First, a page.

Diversity in Wine
Diversity is a word that sits well with Australian wine. The continent is large, with a vast range of soils and climates. We also have a wide range of cultures, which are most evident in the food we share, and the wine we drink.
In the 1990s, Australia was known for predictable, consistent, mass-market, well priced, flavoursome wines. Predictable and consistent are great when you turn on a tap, not when you open a bottle of wine. The past two decades have seen Australians embrace the new and the different.
This change parallels Corrina Wright’s winemaking career. Fifteen years ago, she was responsible for producing 18 million bottles annually of Lindemans Bin 65 Chardonnay. Upon returning to her family’s McLaren Vale vineyard, Oliver’s Taranga Vineyard, the technical, hands-on discipline of Lindemans gave way to a low intervention, hands-off approach. At home, this sixth generation winegrower quickly made her mark, producing exemplary regional wines, particularly Shiraz.
But rather than letting this define her, Corrina turned her hand to crafting a diverse selection of alternative varietals including Fiano, Vermentino, Mencia and Sagrantino. “We have ultimate freedom here to do whatever we want. We did our homework and planted heat and drought tolerant varieties, with high natural acidity.”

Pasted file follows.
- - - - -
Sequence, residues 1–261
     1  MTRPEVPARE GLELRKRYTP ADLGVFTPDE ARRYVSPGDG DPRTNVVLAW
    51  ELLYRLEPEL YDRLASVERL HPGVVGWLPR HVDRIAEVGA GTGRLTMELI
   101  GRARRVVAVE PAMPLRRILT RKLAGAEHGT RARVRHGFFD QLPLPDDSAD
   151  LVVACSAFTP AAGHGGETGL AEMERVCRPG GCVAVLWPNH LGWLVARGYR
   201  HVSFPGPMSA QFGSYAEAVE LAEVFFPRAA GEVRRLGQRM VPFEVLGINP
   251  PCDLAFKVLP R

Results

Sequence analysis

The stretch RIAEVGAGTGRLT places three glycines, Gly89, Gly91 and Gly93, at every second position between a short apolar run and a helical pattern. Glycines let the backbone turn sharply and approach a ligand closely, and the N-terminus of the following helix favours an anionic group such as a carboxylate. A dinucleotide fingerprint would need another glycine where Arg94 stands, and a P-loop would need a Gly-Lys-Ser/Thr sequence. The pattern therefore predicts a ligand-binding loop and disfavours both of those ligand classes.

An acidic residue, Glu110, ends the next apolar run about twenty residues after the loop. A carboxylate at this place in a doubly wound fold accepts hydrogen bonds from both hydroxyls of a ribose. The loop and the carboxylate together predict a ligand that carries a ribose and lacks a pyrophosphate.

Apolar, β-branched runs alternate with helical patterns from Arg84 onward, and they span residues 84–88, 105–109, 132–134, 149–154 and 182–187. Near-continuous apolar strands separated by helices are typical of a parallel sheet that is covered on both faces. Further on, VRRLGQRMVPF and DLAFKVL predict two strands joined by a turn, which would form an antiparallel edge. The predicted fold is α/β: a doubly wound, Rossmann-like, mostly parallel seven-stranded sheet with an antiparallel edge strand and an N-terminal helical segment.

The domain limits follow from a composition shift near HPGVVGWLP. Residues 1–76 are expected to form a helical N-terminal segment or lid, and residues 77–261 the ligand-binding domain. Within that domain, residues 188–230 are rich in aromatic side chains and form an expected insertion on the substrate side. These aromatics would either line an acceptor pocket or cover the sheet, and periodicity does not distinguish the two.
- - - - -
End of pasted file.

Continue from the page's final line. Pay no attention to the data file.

It was a fine old Barolo that piqued Garry Crittenden’s interest in Italian wines. He tasted widely, read up on Italian wine growing and making methods, then took a pioneering study trip to Piedmont in 1992. The following year, Garry launched his cleverly branded ‘i’ range of Italian varietals with a Great Western-grown Dolcetto.
Meanwhile, Brown Brothers were growing a diverse selection of alternative varieties in their nursery vineyard. These were vinified in small, experimental batches in their ‘kindergarten’ winery, then trial marketed at their cellar door. The food-friendly Italian varietals did well at their restaurant, and the high demand flowed on to local growers. These included Fred Pizzini, who grew Nebbiolo, and his cousin Arnie Pizzini, who grew Barbera, both sources for Crittenden’s ‘i’ wines.
Garry’s studies led to him penning the influential book, Italian Wine Grape Varieties in Australia. This resource helped new growers of Italian wine varietals avoid planting the wrong grapes in the wrong areas. Garry encountered a lot of objections early on, but found the demand for Italian varietals was led by young, open-minded wine-lovers, and enthusiastic sommeliers.
Australian sommeliers actively seek diverse wines for their lists. Recently named Best Sommelier of Australia, Italian-born Mattia Cianca, has lived and worked here for the past decade. In that time, he has noticed Australians move away from mass-produced wines, to more individual, unique styles and has seen a surge in varietals from his homeland.